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The Last Black Man in San Francisco


The Last Black Man in San Francisco (Joe Talbot, 2019)


O man! The end credits are rolling, while I am still taking notes apart from an awe feeling, and then I can't control my tongue when I read "PRODUCED BY BRAD PITT". "Damn it. He did it again", just like 12 Years a Slave (Steve McQueen, 2013). Joe Talbot met Brad Pitt's production company Plan B in Park City, Utah, after years and years refining the story of his alter ego Jimmie Fails. Following a successful crowd-funding campaign (1,500 contributors) and backed by Pitt,Talbot got help to film and distribute the story of a homeless black man whose grandfather built a mansion in the late 19th century. Last Black Man in San Francisco premiered in the same Park City at Sundance last January and since then the film holds an approval rating of 93% based on 152 reviews on Rotten Tomatoes. We foresee that these numbers will grow after London Film Festival. What's the secret?



Black culture and gentrification in the Bay area.


It is certainly not the genre: it is not a Marvel picture, or a thriller. It has moments of musical as well as comedy, but it talks loud about social issues, so the tone is constantly and melodically changing.


It's deeply rooted in San Francisco culture and yet, even though you may never have been there, you can relate to it. It shows the iconic views of the Golden Gate Bridge, the hills, the cable car, Powell Street, the sea and Mission, which is currently overpopulated by homeless. (In fact, it is quite ironical that from the estate agent's office we can see a sign written MISSION.)


The soundtrack celebrates the golden era of the Bay Area musicians, from the well-known themes to the original score. It connects because there is a very clear intention to romanticize San Francisco. But the score isn't there to simply drive the audience emotionally. It is certainly not artificial. It the characters' scaffolding.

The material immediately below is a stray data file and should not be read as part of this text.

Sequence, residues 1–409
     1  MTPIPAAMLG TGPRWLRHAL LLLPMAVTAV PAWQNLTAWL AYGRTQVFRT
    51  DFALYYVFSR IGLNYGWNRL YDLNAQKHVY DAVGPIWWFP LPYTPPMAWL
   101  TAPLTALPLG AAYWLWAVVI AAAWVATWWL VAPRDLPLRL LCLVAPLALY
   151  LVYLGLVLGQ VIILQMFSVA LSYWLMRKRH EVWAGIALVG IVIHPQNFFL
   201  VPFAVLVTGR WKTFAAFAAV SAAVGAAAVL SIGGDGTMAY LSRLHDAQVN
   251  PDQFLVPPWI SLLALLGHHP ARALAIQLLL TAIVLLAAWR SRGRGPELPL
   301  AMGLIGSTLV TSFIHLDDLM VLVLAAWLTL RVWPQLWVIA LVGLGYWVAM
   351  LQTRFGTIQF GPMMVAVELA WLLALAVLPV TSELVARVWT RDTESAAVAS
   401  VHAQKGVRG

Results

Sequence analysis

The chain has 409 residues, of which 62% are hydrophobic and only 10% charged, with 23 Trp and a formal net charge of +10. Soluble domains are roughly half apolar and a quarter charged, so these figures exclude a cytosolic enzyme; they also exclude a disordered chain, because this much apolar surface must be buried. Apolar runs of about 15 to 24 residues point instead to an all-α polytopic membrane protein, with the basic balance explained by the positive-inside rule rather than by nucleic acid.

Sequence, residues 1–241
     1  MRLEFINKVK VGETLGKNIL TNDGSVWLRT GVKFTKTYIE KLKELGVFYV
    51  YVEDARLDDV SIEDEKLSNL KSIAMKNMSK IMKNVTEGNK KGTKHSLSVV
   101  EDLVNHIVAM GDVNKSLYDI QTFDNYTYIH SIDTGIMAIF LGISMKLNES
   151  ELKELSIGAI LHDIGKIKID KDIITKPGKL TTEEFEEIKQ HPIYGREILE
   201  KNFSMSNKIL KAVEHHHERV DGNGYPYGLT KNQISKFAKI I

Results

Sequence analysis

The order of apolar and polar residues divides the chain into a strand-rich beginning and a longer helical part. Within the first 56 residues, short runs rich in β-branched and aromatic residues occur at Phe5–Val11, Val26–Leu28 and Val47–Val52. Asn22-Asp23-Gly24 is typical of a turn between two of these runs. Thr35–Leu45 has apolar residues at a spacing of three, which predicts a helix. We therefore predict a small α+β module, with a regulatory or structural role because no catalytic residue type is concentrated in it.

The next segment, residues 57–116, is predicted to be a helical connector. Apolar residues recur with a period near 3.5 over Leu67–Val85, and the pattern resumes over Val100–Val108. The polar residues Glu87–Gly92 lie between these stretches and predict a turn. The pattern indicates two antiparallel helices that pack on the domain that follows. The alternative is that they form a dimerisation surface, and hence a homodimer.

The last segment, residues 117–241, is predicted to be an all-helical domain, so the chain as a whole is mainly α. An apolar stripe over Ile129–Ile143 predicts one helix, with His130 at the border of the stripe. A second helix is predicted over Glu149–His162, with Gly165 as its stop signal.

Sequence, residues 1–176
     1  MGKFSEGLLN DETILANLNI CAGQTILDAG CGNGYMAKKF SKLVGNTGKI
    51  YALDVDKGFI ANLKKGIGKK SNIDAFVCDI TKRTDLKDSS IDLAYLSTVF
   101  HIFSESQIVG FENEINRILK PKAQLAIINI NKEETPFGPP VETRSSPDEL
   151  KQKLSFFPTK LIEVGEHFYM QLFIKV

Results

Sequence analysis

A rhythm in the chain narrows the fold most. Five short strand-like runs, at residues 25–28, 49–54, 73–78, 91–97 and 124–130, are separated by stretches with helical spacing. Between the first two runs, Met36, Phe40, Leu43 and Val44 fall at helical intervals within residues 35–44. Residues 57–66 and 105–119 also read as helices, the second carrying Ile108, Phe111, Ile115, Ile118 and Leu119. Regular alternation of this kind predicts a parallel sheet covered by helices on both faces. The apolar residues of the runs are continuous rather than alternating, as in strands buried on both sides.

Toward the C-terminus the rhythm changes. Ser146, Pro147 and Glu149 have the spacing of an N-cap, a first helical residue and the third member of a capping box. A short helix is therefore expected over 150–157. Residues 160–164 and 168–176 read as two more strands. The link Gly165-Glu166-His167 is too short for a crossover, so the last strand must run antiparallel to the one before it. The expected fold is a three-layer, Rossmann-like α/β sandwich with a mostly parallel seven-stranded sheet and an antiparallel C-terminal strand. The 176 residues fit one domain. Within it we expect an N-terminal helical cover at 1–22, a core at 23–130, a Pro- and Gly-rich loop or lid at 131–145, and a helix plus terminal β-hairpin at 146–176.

Also, the cinematic experience, popping up references to other movies, of which we don't see, because our eyes are fixed on the blind man (Danny Clover) who's watching the telly. Architecture and trespassers and skaters populate the screen as a background to the most important matter that the film brings. Gentrification. Bingo. I'd possibly bet that gentrification is one of the secrets. Who is not affected by it nowadays?


Because it tells a story of a dreamy playwriter, it's filled with literary references, both direct and indirect. From the Bible to Shakespeare. Jimmie Fails and his best friend Mont (Jonathan Majors) are like the two gravediggers in Hamlet, walking by a city that is decaying. And here lies the only "negative" aspect I have against the film. There are two scenes in which they appear doing their jobs, one is a fishmonger and the other's a carer, but their profession is not important to the plot. In my opinion, it would work better if they have stuck to their roles as clowns.


If Spike Lee was born in San Francisco a few decades later, his name would be Joe Talbot.


You can watch The Last Man in San Francisco during London Film Festival. Get your tickets here.

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